eHealth tools and psychotic relapses: an integrative literature review

Amanda Heloisa Santana da Silva*, Larissa Amorim de Freitas, Kelly Graziani Giacchero Vedana, Magdalena Rzewuska, João Mazzoncini de Azevedo-Marques, Ana Carolina Guidorizzi Zanetti

*Corresponding author for this work

Research output: Contribution to conferencePosterpeer-review


Background: Digital technology holds promise for improving prevention and early detection of relapses in psychotic disorders. This study aimed to review evidence on the use of eHealth tools for early detection and/or prevention of relapses among individuals with psychotic disorders. Methods: An integrative literature review was carried out. A systematic literature search was conducted using PubMed, EMBASE, CINAHL Database, Scopus, Web of Science, and Latin American and Caribbean Health Sciences Literature. Original, peer-reviewed research articles published up to January 6, 2021 and available in English, Portuguese or Spanish that addressed the topic of interest were eligible for inclusion. Results were summarised narratively. Results: In total, 30 studies were included in this review, of which majority were feasibility, usability, and acceptability studies. All were published in English and carried out mainly in the United States of America and the United Kingdom. The identified technologies predominantly involved the use of smartphones and web applications aimed at the prevention (e.g., relapse prevention plan; promotion of well-being, physical activity, recovery, and adherence to drug therapy; psychoeducation) and/or early detection of relapses (e.g., symptom monitoring through online assessments and smartphone sensors/resources). Other eHealth tools included the use of short message service to monitor symptoms; and wearables devices for assessing adherence to pharmacological treatment, physiological signs, and sleep patterns. Lately, machine learning model algorithms have been used to predict the risk of relapse among patients with psychosis using information from Facebook and internet search portals. Overall, findings were promising, showing that the use of eHealth technology can be useful as a complementary tool in the treatment of psychosis. However, it faces the challenge of limited evidence on usability and acceptability by some groups (e.g., people with low socioeconomic and educational status, and with cognitive, visual, hearing impairments, and other disabilities) and numerous contextual barriers. Conclusion: More evaluations of these new technologies in real-world contexts is needed, especially in low- and middle-income countries. The tailored approach to intervention design is needed to improve accessibility and side-step contextual barriers.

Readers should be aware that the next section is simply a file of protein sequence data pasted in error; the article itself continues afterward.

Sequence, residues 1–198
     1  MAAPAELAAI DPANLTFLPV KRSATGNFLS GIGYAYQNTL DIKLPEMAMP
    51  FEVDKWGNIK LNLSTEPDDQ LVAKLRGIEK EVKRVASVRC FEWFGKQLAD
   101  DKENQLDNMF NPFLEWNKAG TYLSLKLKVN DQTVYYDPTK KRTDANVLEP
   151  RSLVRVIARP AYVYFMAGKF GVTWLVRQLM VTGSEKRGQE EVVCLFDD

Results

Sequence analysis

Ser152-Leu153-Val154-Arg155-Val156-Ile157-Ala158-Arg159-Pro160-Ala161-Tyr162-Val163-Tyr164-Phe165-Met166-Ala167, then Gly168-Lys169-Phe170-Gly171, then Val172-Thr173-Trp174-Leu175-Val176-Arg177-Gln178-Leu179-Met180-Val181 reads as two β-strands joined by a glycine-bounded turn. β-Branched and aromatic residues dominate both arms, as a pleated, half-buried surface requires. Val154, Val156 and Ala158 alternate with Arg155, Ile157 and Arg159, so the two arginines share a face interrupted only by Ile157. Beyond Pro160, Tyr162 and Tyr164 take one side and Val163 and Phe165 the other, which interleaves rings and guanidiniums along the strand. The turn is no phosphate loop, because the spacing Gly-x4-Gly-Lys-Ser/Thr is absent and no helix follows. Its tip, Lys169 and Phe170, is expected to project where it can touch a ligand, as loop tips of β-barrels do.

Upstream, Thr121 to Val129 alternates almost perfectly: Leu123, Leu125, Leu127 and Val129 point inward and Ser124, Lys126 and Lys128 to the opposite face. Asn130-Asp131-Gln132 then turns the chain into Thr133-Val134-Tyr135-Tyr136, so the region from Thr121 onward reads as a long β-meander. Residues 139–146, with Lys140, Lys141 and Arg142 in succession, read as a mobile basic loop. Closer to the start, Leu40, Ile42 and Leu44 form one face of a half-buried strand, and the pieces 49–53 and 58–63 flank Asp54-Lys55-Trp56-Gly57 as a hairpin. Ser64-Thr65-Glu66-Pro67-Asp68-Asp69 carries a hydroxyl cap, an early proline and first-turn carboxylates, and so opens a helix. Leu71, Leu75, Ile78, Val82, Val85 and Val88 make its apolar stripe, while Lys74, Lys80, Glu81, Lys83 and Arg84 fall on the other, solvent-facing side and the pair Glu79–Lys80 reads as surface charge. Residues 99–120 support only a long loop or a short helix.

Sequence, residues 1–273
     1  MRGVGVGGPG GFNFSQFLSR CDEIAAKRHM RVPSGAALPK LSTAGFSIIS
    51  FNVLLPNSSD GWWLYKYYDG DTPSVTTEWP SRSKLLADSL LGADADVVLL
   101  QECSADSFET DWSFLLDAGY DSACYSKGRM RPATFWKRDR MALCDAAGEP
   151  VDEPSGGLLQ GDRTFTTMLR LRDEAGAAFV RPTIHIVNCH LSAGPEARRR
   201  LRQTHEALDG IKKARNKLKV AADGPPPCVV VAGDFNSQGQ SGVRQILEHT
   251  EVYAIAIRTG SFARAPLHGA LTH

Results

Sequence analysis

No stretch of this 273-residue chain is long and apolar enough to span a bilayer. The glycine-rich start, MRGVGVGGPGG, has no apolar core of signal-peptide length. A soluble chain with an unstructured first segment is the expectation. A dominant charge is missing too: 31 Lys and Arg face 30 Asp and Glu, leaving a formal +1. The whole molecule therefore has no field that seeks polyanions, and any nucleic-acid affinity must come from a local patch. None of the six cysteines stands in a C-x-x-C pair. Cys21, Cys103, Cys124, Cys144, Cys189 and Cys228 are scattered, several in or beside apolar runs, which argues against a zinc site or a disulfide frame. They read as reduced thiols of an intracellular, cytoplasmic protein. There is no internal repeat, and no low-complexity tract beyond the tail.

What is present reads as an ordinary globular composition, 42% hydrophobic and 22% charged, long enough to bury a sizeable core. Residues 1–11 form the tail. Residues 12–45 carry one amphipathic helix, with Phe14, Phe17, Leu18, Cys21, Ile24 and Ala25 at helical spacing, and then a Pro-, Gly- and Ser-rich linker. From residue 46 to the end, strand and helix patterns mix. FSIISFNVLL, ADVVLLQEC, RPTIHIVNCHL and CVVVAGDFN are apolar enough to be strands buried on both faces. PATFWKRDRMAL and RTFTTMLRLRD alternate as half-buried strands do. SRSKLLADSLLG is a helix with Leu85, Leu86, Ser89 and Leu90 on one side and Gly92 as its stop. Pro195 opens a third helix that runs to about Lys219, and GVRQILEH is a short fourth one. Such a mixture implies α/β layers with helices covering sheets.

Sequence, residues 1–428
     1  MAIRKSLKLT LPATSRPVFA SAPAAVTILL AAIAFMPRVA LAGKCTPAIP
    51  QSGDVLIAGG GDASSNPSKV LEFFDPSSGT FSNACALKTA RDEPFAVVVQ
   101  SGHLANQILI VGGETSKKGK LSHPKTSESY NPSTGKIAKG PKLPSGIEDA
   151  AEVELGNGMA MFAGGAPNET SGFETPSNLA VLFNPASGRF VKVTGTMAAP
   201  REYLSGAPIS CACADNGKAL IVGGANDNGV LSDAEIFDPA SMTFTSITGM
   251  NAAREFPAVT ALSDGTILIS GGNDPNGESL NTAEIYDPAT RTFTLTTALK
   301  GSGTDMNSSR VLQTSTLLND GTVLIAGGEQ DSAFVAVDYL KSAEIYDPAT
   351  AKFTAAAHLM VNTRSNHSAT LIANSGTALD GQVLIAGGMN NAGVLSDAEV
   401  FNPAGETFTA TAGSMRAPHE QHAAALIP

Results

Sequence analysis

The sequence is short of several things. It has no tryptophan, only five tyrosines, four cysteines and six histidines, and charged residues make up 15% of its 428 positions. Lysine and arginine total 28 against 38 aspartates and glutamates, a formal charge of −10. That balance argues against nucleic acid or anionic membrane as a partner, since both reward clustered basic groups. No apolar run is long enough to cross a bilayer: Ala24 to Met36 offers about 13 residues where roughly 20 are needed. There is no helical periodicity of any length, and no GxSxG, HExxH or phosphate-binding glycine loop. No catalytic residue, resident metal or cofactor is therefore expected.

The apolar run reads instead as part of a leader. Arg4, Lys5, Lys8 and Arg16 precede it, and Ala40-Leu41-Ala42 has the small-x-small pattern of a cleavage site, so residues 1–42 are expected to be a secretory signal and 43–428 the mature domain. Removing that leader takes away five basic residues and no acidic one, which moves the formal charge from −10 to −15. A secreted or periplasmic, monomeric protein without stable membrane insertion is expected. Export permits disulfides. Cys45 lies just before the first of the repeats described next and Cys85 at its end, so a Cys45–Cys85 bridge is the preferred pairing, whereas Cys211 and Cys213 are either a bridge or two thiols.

Original languageEnglish
Number of pages1
Publication statusPublished - 2 Nov 2021
EventICN Congress 2021: Nursing Around the World - Virtual event
Duration: 2 Nov 20214 Nov 2021


ConferenceICN Congress 2021
Internet address


  • digital health
  • psychosis
  • review article


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